2022/23 Undergraduate Module Catalogue
PIED1212 Making of the Modern World
20 creditsClass Size: 260
Module manager: Dr Anne-Sophie Jung
Taught: Semester 1 (Sep to Jan) View Timetable
Year running 2022/23
Module replacesPIED 1211 Making of the Global South
This module is approved as a discovery module
Module summaryBy engaging with global histories and the ‘long nineteenth century', the module will trace how the world became increasingly integrated and connected—economically, politically, militarily, and socially—and question the meanings of the concept of modernity. The module elaborates on three 'sites of modernity': social (Enlightenment), economic (the Industrial Revolution), and political (the French Revolution). Each of these events is paired with a global history perspective which challenges the dominant historiography of these events. In the second half of the module, it will examine the impact of colonialism on land, health, and the climate catastrophe, and investigate processes of resistance to colonialism, and the emergence of neo-colonialism. Persistent features of colonialism and the transatlantic slave trade will be examined that will include links between racism and colonialism, the role of the state in development, and the patterns of resource and surplus extraction from the South in the making and reproduction of the modern world.
ObjectivesTo examine the political, economic and socio-cultural dynamics of colonialism and to explore the role that colonialism in the Americas, Africa and Asia played in the making of the modern world. A particular link will be made between the expansion of colonialism, the dynamics of the transatlantic slave trade and the development of industrialisation in Europe.
The module also pays attention to the responses to colonialism from peoples in the global south, explores the continuing legacies of colonialism and scrutinises some of the recent efforts to address the North-South gap (e.g. via Fair Trade or Corporate Social Responsibility initiatives). The module introduces key features of the making of today's world, including the role of domination, subordination and violence in the processes of economic surplus production and appropriation and the resultant demand for political-economic and social change, justice, and emancipation throughout the modern period. Students are introduced to similarities and differences regarding some of these key features of the global political economy during the colonial and the contemporary period, e.g. the issue of forced labour. The module is based on the premise that colonialism, slavery and the expansion of capitalism had profound effects on the formation of the modern world and that this historical knowledge is necessary for an understanding of its contemporary condition.
- to have an appreciation of the historical factors underlying differences in levels of social and economic development between countries in the industrialised 'North' and those in the newly industrialised/developing 'South';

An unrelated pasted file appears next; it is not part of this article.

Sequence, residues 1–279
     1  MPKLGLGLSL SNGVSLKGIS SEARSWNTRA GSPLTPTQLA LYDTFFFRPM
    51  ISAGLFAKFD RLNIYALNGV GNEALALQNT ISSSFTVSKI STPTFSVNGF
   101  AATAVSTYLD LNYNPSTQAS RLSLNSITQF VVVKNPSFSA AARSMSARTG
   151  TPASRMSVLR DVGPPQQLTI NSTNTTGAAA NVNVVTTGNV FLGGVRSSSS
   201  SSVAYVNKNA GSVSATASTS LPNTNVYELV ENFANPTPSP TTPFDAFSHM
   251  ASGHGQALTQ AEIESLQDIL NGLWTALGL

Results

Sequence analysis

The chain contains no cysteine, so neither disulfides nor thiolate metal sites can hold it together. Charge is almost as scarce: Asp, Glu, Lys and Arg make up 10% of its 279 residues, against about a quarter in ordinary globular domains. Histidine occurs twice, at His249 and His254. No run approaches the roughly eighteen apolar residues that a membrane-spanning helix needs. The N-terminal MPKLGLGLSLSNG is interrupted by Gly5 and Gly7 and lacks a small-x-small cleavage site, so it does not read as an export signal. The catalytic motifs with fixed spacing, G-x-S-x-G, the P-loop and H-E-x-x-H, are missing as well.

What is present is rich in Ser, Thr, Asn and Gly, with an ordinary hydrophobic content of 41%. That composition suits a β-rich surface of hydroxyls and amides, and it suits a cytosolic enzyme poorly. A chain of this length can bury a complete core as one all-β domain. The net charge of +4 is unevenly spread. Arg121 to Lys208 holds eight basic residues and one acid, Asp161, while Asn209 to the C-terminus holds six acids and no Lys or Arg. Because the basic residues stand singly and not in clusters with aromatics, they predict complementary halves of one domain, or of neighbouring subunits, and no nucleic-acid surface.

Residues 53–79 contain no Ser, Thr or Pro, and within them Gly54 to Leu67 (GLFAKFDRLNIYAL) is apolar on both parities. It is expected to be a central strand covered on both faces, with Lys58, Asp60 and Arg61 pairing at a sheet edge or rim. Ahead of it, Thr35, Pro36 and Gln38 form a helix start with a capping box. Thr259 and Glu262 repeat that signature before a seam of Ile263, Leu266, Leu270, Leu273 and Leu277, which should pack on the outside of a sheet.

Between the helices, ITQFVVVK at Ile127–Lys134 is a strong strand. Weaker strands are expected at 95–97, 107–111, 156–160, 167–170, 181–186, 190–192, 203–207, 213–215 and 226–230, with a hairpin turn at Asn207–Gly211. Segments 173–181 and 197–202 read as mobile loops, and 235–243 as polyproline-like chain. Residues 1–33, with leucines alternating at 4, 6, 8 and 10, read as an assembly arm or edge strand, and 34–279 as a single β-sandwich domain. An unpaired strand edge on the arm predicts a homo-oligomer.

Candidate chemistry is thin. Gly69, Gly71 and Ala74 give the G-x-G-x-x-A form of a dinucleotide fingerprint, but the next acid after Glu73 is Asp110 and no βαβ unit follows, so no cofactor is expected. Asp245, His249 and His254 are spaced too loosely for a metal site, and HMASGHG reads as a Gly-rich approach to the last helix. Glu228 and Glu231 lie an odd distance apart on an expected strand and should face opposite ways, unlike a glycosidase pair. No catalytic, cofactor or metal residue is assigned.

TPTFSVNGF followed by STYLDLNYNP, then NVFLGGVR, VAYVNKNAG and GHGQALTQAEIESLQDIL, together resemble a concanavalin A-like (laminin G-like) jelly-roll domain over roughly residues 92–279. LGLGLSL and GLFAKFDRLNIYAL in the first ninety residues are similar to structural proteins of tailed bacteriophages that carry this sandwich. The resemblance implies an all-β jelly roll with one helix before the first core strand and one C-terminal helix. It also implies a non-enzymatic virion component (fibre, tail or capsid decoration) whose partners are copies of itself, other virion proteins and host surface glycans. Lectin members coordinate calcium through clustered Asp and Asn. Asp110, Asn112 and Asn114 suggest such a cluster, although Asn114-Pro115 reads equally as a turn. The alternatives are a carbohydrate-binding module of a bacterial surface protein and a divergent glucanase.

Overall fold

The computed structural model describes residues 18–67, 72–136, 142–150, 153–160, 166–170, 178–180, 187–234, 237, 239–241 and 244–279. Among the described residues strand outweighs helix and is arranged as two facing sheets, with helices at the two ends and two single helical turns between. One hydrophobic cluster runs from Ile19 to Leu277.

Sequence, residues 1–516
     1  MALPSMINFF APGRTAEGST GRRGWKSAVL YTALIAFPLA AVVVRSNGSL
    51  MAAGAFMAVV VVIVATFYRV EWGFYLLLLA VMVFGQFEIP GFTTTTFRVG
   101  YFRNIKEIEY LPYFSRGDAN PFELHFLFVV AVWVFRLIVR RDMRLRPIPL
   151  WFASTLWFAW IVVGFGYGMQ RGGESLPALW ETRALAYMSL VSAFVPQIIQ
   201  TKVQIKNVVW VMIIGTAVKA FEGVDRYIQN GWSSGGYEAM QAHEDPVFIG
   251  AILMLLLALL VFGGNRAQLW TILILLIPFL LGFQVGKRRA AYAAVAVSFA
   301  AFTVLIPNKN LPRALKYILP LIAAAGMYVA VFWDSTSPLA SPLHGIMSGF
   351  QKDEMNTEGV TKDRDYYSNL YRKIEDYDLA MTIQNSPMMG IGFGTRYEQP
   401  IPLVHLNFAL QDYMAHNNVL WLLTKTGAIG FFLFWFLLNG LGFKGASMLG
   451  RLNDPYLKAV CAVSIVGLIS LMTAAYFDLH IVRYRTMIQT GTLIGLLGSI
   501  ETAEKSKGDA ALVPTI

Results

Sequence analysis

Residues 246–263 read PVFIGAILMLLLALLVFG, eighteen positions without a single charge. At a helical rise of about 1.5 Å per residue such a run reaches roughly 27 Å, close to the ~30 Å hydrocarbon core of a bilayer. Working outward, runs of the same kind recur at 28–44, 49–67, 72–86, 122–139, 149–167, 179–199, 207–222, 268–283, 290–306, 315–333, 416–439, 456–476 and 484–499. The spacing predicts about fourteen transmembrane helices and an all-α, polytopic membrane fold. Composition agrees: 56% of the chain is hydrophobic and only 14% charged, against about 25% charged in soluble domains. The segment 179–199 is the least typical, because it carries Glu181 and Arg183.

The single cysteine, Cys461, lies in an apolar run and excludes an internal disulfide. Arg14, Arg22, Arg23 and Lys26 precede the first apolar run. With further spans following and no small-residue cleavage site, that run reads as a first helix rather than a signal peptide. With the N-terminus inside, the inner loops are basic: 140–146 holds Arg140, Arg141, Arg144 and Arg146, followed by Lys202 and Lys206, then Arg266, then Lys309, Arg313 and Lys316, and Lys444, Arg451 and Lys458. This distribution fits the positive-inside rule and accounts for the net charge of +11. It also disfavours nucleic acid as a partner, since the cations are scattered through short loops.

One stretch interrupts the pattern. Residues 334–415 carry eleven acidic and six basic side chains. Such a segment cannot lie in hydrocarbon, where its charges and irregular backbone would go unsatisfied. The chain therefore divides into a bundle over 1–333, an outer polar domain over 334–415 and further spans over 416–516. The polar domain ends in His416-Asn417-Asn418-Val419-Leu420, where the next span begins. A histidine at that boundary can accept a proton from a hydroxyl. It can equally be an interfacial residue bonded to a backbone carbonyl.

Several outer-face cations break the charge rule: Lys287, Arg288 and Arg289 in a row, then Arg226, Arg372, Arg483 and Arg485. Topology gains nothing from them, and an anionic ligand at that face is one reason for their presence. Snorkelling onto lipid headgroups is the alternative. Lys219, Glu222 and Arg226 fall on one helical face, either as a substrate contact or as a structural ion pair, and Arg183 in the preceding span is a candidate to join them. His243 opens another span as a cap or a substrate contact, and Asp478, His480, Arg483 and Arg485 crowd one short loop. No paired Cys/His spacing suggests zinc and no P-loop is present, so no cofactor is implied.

- be familiar with the processes of subordination and domination which facilitated both the expansion of European industrialisation and the incorporation of colonised regions into the emerging world capitalist economy;
- understand the relationship between colonialism and the development of capitalism;
- understand the various legacies of colonialism;
- understand the role of power asymmetries, theft, and violence in the making of wealth and poverty;
- understand key political-economic structures, dynamics and tensions of the modern world.
Why Study a Global History? The 'Discovery' of the Americas
Renaissance & Enlightenment; Appropriation & Enslavement
British Colonial Encounters, Industrial Revolution & Trade: Britain & India
Revolutions & the Making of the Modern Middle East
The Scramble for Africa
Impact of Colonialism on Land
Environmental Injustice in the Making of the Modern World
Epidemics, Colonialism & Public Health
Anti-colonialism, Independence & Decolonisation
Neo-colonialism & Development
|Delivery type||Number||Length hours||Student hours|
|Private study hours||167.00|
|Total Contact hours||33.00|
|Total hours (100hr per 10 credits)||200.00|
Private studyThe extra lecture each week will be used to extend the analysis; teach; introduce and discuss suitable concepts; and have student pair and group discussions in the lecture theatre. Short video material will also be analysed regularly. Students will read and research in preparation for their seminars and assessments.
Opportunities for Formative FeedbackSeminar discussions are centred around student participation, ensuring students have grasped the week’s issues and are able to draw connections between the topics of the different weeks. Seminars also provide an opportunity for students to seek clarification on any issues relating to the module and ask questions. Seminars are a space for students to practice the presentation of ideas and arguments to their fellow students and feed back to class the literature they have covered. Students have the opportunity to submit a 1000-word formative mid-term essay in week 6, answering one of the 'guiding questions' from the syllabus.
Methods of assessment
|Assessment type||Notes||% of formal assessment|
|Essay||1 x 2000 word essay- end of term||100.00|
|Total percentage (Assessment Coursework)||100.00|
Students will also have the opportunity to submit a shorter 1500 word formative version of the essay (non assessed)
Reading listThe reading list is available from the Library website
Last updated: 27/07/2022
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